All South Africans with tuberculosis (TB) should be checked for diabetes and vice versa, advises a world TB expert.
People with diabetes are three times more likely to develop TB than those without TB, according to recent research.
South Africa has the third-highest co-infection of TB and diabetes in the world after India and China, according to Dr Anthony Harries, Director of Research at the International Union against TB and Lung Disease.
Read: Diabetes fuels cases of TB
Speaking on the eve of the world’s first global conference on TB and diabetes, Harries said “bio-directional screening” for TB and diabetes was essential as many diabetics were unaware that they had TB, and TB patients were unaware of being diabetic.
About 75,000 South Africans living with diabetes develop TB annually, while around 300,000 Indians and 150,000 Russians suffered the same fate, said Harries.
One-third of the world’s population is living with latent TB. Like HIV, diabetes weakens a person’s immune system, giving the latent TB bacteria an opportunity to grow and become a full infection.
Read: Diabetes, TB and HIV/AIDS
“We have known about the association between TB and diabetes for about 40 years, but never really grasped the public health implications,” Harries said.
“Nobody has taken much notice about the link, perhaps because diabetes was seen to affect rich people in countries with no TB, and TB-affected poor countries.”
But thanks to lifestyle and dietary changes, diabetes is growing fast in developing countries, bringing the two epidemics together.
Averting a global health crisis
South Africans are the fattest people in Africa, and particularly at risk of developing diabetes, which is a common consequence of obesity.
Diabetics with TB also remain contagious for longer, don’t respond as well to TB treatment, are more likely to die of TB, and are much more likely to get TB again after successful treatment, according to Union research.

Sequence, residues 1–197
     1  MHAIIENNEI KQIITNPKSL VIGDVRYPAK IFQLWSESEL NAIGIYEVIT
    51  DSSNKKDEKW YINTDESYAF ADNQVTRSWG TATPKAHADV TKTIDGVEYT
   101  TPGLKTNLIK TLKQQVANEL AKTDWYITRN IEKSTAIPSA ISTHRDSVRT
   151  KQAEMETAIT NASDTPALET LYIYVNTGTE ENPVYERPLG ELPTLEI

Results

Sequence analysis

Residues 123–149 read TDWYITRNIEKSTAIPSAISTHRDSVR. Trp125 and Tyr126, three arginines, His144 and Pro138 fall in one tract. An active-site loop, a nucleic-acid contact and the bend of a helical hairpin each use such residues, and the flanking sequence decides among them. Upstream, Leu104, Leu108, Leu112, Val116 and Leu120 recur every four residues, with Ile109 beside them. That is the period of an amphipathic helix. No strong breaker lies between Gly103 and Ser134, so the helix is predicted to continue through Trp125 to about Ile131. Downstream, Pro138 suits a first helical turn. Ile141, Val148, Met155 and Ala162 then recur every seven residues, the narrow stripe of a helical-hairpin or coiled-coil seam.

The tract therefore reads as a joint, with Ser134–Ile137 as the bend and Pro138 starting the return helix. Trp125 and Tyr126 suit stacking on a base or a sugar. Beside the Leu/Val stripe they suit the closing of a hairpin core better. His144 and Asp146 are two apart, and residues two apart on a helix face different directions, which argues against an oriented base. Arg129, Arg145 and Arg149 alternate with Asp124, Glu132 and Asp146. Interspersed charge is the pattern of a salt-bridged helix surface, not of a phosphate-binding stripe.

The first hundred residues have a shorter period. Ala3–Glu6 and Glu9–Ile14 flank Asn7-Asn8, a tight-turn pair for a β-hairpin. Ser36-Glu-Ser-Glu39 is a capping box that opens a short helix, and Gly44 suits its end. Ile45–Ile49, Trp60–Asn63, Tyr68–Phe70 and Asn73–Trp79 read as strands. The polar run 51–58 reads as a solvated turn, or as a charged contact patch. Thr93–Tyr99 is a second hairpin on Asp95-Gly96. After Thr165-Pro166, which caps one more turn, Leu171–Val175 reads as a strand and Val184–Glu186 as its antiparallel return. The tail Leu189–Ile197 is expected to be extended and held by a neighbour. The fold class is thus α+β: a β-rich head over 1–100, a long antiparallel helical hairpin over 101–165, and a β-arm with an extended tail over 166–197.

Read: 15 facts you need to know about tuberculosis
TB can temporarily increase blood sugar levels, which can push a pre-diabetic person into full diabetes.
Some TB drugs, especially rifampicin, interfere with the efficacy of oral diabetes medications.
This week the World Health Organisation (WHO) said TB was the world’s biggest killer among infectious diseases accounting for 1.4 million deaths in 2014.
This weekend, health officials, researchers, business and civil society advocates head to Bali, Indonesia for the world’s first international summit on TB and diabetes in an effort to avert a global health crisis.
“Indonesia has a high burden of both TB and diabetes, and the WHO report strengthens our resolve to take action,” said Indonesian Minister of Health Dr Nila Moeloek.
Read: Prevalence of diabetes in South Africa
“We are hosting the first summit of public health leaders to urgently mobilise a global response to the double threat of TB-diabetes.”
“Today, 387 million people are affected by diabetes, with 77 percent of cases in low- and middle-income countries where TB is prevalent.
Diabetes is projected to affect 592 million people by 2035, which experts project will only fuel the global TB epidemic,” according to a joint press statement from the Union and the World Diabetes Foundation.
The Department of Health’s TB treatment guidelines recommend “optimising diabetes management during TB treatment”.
“The regular interaction with health care workers during TB treatment provides an excellent opportunity for health education and counselling for better diabetes control,” according to the health department.
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